Political polarization is a marked political division in the population, characterized by multiple manifestations. The authors argue that it can affect consumer psychology, which in turn influences marketers, policy makers, and consumer welfare. The present work introduces the construct of political polarization to the marketing literature and shows how it serves as a novel challenge for various marketing stakeholders. For consumers, the authors propose that political polarization increases the salience of political identities, alters inter- and intragroup dynamics, and amplifies cognitive biases. These effects negatively affect consumer welfare, including financial welfare, relationships, mental and physical health, and societal interests. For marketers, polarization introduces a challenge to both be more sociopolitically engaged while also navigating competing political interests. Polarization also creates new opportunities and challenges for segmentation, targeting, loyalty, and product offerings. For policy makers, political polarization creates policy gaps, impedes the implementation of policy, and obstructs governance. Building from these insights, the authors consider the drawbacks and overlooked benefits of political polarization, potential remedies, and directions for future research.
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    Women and the weight of a pandemic: A survey of four Western US states early in the Coronavirus outbreak
    (Wiley, 2020-12) Raile, Amber N. W.; Raile, Eric D.; Parker, David C.W.; Shanahan, Elizabeth A.; Haines, Pavielle
    In the initial months of the COVID-19 outbreak in the United States, people struggled to adjust to the new normal. The burden of managing changes to home and work life seemed to fall disproportionately to women due to the nature of women's employment and gendered societal pressures. We surveyed residents of four western states in the first months of the outbreak to compare the experiences of women and men during this time. We found that women were disproportionately vulnerable to workplace disruptions, negative impacts on daily life, and increased mental load. Women with children and women who lost their jobs were particularly impacted. These results contribute to the growing body of findings about the disproportionate impacts of crises on women and should inform organizational and government policies to help mitigate these impacts and to enhance societal resilience in future emergencies.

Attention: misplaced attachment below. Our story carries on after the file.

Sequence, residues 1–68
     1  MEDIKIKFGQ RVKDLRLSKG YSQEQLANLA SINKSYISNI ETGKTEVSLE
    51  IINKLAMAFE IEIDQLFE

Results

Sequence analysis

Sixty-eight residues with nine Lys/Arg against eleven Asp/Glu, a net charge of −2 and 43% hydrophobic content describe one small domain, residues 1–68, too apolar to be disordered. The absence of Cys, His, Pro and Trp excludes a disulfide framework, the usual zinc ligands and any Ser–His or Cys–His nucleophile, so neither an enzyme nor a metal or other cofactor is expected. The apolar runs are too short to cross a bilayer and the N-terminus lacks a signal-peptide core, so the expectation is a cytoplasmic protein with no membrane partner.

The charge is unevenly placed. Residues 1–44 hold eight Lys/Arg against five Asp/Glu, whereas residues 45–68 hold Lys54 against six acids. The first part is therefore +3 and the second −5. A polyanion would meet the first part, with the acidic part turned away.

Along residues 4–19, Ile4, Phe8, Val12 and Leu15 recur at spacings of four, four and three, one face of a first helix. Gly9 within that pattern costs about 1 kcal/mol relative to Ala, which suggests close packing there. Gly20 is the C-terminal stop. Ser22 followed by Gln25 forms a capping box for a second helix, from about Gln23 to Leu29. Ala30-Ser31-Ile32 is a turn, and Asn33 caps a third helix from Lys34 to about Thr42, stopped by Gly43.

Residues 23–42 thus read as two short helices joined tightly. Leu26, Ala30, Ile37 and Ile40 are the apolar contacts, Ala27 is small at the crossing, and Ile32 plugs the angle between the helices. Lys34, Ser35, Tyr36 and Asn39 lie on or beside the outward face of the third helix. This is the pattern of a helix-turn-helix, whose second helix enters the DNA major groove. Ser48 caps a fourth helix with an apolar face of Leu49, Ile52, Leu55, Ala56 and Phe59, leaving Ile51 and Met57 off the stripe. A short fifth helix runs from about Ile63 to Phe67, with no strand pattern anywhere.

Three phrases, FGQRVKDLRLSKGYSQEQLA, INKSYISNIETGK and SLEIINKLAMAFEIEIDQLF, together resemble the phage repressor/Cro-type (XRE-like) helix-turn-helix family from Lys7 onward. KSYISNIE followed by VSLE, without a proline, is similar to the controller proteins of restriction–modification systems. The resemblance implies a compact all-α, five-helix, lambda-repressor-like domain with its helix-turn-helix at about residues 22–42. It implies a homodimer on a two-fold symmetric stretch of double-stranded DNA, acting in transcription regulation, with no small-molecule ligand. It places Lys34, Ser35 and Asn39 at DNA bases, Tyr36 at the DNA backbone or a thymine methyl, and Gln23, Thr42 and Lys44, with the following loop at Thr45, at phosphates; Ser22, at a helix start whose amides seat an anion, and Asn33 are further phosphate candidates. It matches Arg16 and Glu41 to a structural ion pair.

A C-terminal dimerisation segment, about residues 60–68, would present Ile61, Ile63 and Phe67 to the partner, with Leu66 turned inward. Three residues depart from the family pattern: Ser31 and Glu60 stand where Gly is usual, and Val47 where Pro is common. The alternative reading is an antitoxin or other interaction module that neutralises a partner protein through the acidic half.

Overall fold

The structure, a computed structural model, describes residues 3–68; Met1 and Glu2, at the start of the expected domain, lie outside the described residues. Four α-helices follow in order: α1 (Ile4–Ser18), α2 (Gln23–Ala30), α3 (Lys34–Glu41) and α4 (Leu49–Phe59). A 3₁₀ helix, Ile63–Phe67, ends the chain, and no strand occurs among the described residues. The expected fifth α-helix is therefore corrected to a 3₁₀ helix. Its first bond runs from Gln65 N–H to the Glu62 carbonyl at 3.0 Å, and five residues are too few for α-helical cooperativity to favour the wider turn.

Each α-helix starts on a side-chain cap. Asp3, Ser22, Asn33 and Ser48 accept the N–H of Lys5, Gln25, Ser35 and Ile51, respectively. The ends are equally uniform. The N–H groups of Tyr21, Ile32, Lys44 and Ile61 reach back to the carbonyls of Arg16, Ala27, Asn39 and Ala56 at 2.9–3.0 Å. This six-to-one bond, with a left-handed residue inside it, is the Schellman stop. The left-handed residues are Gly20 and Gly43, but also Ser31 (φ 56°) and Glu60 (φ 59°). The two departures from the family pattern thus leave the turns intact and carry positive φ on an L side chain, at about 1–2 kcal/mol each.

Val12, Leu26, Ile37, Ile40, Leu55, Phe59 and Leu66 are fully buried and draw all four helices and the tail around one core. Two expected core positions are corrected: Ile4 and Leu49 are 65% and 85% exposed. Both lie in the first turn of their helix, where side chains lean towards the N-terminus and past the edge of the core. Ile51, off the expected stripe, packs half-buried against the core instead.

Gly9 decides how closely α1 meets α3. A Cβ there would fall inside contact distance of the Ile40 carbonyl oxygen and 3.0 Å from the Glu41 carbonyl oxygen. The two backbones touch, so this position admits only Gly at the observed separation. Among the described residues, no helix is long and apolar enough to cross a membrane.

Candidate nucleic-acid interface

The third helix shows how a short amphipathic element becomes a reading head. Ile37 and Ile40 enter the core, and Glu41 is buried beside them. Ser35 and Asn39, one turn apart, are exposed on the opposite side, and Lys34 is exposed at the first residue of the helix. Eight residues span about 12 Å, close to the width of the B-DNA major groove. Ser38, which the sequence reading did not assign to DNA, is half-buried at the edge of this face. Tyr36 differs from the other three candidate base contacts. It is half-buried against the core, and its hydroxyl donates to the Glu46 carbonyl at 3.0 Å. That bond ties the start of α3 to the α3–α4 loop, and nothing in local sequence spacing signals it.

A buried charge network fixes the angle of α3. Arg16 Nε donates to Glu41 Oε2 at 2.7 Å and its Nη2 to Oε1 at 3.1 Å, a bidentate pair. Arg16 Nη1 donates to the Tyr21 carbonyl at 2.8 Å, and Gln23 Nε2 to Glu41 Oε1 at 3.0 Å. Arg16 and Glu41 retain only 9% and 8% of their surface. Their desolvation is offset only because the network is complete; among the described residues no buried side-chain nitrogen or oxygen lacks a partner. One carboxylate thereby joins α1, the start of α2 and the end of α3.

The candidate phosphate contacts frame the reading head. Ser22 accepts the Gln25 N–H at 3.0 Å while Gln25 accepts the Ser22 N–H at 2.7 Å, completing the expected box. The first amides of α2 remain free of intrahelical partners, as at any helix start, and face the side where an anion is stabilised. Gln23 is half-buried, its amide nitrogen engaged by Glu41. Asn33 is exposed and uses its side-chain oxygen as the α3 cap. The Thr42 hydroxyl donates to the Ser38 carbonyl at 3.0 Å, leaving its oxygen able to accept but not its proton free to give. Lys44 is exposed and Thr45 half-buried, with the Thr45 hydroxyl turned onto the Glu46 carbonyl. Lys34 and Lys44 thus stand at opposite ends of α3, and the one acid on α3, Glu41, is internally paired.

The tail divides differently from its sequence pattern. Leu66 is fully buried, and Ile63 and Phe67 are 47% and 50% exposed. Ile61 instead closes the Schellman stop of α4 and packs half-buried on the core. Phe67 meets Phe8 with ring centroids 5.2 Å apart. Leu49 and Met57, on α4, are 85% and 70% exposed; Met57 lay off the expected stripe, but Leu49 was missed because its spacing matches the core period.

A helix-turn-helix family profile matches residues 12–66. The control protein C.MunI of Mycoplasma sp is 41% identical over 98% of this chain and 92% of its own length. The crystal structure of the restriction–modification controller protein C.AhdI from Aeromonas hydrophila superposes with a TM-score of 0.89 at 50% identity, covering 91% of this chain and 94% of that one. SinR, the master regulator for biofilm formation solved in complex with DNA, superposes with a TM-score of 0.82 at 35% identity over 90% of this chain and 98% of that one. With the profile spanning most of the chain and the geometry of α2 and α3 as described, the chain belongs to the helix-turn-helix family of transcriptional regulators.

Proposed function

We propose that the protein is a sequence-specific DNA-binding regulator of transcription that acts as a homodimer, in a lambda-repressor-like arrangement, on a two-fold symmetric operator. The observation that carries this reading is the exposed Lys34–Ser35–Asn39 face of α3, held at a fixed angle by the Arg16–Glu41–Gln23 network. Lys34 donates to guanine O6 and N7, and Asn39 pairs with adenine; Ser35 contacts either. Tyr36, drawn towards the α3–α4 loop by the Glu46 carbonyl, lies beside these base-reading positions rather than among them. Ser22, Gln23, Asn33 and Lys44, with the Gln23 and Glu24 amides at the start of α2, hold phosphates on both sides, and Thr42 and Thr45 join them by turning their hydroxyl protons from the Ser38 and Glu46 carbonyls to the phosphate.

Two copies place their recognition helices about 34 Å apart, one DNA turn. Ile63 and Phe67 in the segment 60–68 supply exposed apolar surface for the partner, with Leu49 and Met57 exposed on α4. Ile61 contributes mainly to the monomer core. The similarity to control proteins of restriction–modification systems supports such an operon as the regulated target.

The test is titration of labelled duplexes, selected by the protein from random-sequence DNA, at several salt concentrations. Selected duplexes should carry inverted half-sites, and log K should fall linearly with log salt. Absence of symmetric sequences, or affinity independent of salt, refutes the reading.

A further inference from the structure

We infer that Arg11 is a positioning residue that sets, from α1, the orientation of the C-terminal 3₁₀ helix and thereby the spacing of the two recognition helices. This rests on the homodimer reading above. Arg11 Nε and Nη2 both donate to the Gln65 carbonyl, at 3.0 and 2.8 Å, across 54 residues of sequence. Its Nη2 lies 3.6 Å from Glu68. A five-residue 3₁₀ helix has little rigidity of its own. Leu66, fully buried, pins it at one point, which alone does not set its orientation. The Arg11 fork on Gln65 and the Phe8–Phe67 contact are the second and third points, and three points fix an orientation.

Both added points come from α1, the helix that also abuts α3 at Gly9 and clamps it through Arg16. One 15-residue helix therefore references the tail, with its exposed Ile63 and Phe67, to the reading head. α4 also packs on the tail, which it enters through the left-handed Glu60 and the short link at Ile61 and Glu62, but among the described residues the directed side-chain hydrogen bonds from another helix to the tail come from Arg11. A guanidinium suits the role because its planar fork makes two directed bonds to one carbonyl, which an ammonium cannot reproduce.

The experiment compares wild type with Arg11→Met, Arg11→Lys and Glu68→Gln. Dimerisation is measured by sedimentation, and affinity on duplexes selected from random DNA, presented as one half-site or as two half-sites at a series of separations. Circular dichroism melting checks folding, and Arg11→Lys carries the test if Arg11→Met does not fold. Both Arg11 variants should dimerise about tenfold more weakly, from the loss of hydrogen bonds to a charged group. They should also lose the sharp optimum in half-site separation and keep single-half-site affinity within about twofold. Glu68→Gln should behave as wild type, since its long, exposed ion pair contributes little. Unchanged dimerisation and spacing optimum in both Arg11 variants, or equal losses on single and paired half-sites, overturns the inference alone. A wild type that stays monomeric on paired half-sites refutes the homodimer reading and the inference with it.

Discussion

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    When Best Intentions Fail: Why Ads May Fall Short in Combating Islamophobia
    (2020-05) Van Steenburg, Eric
    Increasing crimes against Muslims are evidence that Muslim Americans are being targeted, while political and media rhetoric has aided the rise of Islamophobia. In response, the Council on American-Islamic Relations initiated an advertising campaign to reframe the discourse. Relying on terror management theory as a foundation, this research leverages a sequential mixed-method approach to evaluate and analyze the ads, bringing together concepts of rhetorical articulation of politics, discourse analysis of media-based rhetoric, and complicity theory related to racism to understand contemporary political framing of Islam. A quantitative study determined one’s religious fundamentalism had an effect on the viewer’s attitude toward the ads. This was followed by a qualitative analysis of the ads based on Stern’s approach to advertisement critique. Triangulated results show that the ads reinforce cultural worldviews that frame Muslims as “other” that could entrench existing attitudes toward Muslim Americans. Suggestions are made for future advertising efforts to reframe the discussion.
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    What Motivates Scientists in Emerging Economies to Become Entrepreneurs? Evidence from Vietnam
    (2020-02) Nguyen, Thang; Nguyen, Lan; Bryant, Scott E.; Nguyen, Hieu
    Studies of scientist entrepreneurship have recognized a diverse range of proself motivations but have largely ignored the role of prosocial motivation. As technology inventions often bring in high positive externality, we argue that prosocial motivation is important for scientist entrepreneurship and sustainable development. Drawing from motivated information processing theory we develop a model linking proself and prosocial motivation with scientist entrepreneurship. The hypotheses were tested based on survey data from a sample of Vietnamese scientists. The results show that both proself and prosocial motivation are positively associated with scientist entrepreneurship. However, the positive association between prosocial motivation and scientist entrepreneurship is lessened by proself motivation. This study calls for more attention to prosocial motivation in theory and policy development on scientist entrepreneurship.